The Influence of National Culture on Accounting and Finance
Citation:Chandrasena, Supun Mekhala, The Influence of National Culture on Accounting and Finance, Trinity College Dublin.School of Business, 2021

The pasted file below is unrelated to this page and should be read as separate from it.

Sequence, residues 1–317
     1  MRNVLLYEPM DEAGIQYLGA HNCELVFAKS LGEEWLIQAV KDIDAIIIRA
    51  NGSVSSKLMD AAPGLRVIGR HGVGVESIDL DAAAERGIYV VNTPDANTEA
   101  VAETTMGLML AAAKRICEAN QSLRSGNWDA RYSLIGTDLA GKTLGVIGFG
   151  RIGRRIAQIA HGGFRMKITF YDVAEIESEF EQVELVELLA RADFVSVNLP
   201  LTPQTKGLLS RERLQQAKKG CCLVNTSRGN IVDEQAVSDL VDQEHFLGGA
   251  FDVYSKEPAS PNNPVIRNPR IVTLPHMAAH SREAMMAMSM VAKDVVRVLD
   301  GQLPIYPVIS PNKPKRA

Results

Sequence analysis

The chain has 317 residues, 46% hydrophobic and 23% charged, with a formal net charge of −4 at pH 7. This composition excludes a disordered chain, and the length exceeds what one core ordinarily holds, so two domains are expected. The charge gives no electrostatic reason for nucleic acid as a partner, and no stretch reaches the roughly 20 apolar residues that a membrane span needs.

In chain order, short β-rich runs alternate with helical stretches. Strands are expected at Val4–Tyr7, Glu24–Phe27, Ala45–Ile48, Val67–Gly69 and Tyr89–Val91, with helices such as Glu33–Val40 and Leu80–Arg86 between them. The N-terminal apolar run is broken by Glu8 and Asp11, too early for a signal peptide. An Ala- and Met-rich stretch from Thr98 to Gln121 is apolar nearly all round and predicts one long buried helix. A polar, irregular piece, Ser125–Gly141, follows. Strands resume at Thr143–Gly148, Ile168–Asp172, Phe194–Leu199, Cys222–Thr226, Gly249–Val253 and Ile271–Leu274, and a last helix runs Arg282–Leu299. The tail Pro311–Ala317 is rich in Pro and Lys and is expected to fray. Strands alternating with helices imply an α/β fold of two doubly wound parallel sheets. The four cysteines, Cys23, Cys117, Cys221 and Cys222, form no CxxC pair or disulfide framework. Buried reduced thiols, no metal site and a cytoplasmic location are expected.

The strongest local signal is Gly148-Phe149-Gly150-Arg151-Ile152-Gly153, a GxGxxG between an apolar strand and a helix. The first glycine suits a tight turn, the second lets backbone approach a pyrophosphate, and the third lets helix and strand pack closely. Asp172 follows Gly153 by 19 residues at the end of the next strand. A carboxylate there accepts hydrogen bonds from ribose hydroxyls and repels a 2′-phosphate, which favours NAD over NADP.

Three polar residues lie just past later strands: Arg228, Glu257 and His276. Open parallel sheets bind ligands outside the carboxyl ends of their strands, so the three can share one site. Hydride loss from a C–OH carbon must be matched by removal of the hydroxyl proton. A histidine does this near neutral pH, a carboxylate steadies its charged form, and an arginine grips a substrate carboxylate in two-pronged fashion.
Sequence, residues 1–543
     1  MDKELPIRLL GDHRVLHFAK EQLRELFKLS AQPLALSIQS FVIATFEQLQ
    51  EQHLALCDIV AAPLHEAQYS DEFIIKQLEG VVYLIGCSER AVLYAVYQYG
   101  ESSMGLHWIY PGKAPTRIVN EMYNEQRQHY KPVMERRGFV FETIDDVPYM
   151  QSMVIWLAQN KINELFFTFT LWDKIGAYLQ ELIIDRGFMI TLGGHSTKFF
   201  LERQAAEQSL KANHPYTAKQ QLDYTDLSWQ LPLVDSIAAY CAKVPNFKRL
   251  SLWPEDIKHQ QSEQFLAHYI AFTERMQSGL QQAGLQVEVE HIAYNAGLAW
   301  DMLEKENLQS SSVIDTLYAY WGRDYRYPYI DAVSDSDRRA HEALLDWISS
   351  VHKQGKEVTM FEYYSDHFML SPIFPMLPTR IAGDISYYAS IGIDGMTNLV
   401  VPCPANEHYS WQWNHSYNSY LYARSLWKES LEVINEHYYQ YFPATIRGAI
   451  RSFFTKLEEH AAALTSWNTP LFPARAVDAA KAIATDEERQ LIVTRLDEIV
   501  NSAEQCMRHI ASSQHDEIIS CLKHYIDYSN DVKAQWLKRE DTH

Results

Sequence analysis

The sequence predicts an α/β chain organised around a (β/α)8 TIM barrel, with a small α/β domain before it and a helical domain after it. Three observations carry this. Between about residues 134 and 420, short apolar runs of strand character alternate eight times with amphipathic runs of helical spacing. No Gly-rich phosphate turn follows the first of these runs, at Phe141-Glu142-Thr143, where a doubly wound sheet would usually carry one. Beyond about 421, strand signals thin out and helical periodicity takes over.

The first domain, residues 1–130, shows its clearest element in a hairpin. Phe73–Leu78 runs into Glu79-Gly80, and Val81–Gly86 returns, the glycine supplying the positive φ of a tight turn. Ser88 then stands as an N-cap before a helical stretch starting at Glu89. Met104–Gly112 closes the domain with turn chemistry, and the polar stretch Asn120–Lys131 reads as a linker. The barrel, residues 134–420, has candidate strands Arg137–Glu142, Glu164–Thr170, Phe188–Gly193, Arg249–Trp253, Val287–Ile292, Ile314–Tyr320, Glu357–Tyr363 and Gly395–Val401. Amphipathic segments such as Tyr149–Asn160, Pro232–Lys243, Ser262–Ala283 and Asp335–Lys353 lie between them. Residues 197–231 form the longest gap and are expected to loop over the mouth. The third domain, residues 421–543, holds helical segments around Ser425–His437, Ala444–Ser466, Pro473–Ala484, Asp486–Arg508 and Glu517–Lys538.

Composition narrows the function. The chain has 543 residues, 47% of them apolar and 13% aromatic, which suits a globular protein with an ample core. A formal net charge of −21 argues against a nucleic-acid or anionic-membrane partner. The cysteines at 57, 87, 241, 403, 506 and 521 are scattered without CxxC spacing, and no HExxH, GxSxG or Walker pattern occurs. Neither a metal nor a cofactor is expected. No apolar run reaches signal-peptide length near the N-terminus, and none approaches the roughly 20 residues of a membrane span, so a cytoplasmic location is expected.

Supun Chandrasena 16342137 PhD Thesis.pdf (PDF) 5.269Mb